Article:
Wlliam Gilmore Simms
Joscelyn: A Tale of the Revolution >> Chapter XXX: Highway Adventures >> Page 259

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Page 259

Novel (Romance) | The Reprint Company | 1975, 1976
Transcription JOSCELYN259
you. Do not yet put up that venison. I will but hack off a bit of it
for supper, and put a few of your biscuits in my pouch."
He suited the action to the word, and in the twinkle of his couteau
de chasse, divided the fragment of venison, very equally, between
himself and the proprietor, conveying his moiety to the pouch in his
hunting shirt, to which he also transferred some half dozen biscuits.
"You see, my friend, how I provide for certain of the fates´┐Żdanger,
trouble, doubt, anxiety all of them are of the same breed with
hunger, to be disarmed, subdued and made subservient, if we once
know how to manage our servants. There is not a dog-fate in our
homestead, not a trouble, fret, bore, difficulty, danger, which is not,
in some way, designed for our servant ! Only learn how to whip in
the brutes, and the rest is easy."
Walter said something, sufficiently commonplace, about the wisdom
of such a philosophy, could one command it always.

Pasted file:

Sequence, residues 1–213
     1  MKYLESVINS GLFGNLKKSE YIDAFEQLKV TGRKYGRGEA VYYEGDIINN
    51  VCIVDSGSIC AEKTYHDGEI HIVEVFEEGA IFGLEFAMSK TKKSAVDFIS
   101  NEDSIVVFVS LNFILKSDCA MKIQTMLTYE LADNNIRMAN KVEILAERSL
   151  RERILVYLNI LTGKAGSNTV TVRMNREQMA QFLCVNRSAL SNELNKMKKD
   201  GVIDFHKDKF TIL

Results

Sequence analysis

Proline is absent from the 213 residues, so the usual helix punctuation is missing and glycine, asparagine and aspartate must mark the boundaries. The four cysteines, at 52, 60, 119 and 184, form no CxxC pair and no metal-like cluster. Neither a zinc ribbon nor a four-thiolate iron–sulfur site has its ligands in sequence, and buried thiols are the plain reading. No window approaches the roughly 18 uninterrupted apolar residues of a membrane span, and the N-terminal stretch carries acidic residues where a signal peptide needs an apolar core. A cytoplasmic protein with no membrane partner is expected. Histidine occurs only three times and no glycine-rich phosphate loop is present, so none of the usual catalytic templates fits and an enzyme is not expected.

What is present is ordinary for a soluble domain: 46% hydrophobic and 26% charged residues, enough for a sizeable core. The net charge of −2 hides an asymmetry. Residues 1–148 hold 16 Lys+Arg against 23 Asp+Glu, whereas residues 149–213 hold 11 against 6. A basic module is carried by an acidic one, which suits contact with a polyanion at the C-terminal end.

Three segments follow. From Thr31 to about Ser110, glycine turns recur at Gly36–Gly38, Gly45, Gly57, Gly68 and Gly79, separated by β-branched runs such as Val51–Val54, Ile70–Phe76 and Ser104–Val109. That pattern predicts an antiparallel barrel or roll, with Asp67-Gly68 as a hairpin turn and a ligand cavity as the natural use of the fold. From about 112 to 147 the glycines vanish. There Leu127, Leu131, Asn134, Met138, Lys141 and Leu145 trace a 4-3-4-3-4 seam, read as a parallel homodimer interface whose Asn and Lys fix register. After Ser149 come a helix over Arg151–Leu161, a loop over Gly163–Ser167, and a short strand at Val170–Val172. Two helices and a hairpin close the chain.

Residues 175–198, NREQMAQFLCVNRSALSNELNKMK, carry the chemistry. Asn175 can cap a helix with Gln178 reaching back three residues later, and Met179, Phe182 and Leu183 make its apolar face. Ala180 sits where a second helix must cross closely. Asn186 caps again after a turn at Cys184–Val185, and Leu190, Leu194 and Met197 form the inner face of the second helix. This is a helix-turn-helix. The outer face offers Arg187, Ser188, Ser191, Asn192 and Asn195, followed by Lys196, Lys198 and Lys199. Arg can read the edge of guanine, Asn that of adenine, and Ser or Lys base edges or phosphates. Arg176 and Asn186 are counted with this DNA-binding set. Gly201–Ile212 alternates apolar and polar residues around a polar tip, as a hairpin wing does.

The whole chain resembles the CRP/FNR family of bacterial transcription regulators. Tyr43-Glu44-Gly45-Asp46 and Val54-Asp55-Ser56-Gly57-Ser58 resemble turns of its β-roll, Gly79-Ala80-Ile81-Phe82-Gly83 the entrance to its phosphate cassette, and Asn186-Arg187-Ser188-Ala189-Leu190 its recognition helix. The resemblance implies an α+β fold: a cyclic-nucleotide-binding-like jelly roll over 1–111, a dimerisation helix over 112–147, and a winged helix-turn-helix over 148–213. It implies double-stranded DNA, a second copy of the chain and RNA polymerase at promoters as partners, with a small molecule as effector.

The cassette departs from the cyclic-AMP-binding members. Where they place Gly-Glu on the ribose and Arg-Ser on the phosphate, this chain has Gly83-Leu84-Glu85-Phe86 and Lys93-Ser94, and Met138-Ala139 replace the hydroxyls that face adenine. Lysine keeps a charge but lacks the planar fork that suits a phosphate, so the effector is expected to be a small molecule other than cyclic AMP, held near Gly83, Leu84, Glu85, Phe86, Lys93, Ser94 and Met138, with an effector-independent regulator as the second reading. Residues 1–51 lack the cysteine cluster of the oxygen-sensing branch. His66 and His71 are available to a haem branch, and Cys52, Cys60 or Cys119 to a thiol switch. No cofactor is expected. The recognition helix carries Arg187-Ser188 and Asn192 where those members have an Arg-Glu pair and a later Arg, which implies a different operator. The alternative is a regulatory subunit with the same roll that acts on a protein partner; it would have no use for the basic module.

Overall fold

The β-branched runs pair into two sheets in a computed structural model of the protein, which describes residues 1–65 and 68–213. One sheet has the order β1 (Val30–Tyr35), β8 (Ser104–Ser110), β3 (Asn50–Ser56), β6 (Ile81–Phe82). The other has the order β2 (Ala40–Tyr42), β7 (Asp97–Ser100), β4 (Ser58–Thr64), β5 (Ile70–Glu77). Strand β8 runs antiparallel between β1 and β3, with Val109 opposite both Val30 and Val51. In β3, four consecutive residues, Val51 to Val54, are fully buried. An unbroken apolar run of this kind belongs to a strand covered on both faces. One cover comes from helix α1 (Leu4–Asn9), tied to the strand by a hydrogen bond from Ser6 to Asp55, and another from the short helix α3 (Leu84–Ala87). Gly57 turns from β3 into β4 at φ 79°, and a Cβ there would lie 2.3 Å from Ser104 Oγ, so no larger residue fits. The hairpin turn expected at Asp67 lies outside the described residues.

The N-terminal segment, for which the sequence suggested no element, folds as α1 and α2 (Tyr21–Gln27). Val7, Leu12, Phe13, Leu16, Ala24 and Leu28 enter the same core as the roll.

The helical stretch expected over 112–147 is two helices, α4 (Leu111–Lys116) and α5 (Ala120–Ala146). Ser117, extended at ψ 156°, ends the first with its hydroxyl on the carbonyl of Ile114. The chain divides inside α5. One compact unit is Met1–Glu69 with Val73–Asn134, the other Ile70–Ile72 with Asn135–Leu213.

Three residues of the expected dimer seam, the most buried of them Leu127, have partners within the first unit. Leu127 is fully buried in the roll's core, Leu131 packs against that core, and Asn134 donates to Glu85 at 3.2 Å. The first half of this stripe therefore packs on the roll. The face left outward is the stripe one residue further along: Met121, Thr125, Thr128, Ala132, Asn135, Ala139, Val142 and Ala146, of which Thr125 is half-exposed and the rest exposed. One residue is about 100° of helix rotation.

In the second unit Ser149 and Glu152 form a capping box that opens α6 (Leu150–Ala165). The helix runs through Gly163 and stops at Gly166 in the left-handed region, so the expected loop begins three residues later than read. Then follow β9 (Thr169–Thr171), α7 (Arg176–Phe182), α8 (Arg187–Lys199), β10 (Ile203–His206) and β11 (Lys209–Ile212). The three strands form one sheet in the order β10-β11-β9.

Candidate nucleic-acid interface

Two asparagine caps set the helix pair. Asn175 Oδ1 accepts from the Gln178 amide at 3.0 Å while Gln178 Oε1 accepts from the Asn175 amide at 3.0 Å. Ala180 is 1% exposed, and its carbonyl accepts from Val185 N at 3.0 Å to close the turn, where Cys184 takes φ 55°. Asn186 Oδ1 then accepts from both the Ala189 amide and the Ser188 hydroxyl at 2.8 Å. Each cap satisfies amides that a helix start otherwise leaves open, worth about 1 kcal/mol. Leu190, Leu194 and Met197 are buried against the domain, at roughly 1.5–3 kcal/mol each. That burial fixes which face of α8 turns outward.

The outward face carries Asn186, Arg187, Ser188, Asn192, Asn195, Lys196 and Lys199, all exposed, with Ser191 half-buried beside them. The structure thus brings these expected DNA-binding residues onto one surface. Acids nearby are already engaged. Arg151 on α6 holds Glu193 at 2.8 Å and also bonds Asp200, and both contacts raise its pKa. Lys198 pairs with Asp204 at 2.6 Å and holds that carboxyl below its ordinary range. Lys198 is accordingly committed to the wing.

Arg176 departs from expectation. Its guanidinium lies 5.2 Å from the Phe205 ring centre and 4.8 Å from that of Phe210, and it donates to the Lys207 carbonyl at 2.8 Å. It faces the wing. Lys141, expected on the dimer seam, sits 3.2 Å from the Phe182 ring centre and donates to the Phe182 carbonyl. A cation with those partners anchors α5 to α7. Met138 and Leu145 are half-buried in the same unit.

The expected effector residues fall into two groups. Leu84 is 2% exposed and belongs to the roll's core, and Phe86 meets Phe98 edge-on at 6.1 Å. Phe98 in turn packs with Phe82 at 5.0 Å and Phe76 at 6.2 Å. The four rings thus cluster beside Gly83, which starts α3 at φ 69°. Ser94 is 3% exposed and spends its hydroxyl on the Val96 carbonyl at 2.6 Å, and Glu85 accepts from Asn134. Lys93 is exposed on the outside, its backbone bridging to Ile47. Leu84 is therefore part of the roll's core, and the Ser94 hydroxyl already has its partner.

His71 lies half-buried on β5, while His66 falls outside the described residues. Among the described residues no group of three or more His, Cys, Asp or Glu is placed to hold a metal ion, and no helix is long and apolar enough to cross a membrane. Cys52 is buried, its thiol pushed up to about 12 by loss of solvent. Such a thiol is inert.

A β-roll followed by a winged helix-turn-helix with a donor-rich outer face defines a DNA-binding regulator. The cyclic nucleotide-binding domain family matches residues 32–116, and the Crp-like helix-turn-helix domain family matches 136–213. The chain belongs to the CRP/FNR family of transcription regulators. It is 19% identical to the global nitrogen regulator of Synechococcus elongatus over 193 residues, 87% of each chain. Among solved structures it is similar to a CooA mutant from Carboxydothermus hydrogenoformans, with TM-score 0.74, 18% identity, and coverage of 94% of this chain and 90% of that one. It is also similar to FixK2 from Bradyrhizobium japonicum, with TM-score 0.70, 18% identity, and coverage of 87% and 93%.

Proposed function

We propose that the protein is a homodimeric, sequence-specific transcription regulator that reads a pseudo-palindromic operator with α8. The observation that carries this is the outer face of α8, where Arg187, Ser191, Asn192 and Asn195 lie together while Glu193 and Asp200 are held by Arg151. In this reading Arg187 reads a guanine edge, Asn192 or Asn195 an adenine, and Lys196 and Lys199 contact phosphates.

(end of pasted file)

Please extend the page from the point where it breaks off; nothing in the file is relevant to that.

"And why not?" said the other. "This is the very business of life
the only process, indeed, by which life developes manhood. What
else has life to do? We are engaged in fighting the fates all the
while; but" and he stooped, with ear to the earth, and listened
without breathing. As he rose "Do you hear?" said he.
"Nothing!" said the other.
"My fate hath a keener ear," replied the stranger. "A horn was
blown, and I know the blows. He would impersonate my villa !
Now, my friend, I tell you confidentially that he is rushing on his
fate, and the pursued shall become the pursuer."
Here he caught his rifle. "I know it, just as if I beheld it before
me. This dog-fate has pursued me a few miles too far. He will
discover this before nightfall but too late. I must leave you. Thanks
to your wallet, I am strong enough for another heat. I shall bury
myself in yonder opposite wood, where my fate, grown quite good-
humored on your venison, tells me that I shall find succor. We must
part; but before I leave you, Walter Dunbar"
"What? you know me? Who are you, then?"
"No matter; I am Nemo for the nonce! But I will give you such
a token before we part, that you shall know me. Take my counsel
before parting. Hurry forward ! Do not linger in the neighborhood!
Stop not to look behind you, and be prompt in making your fate
subservient. Before you have ridden many miles, you will have need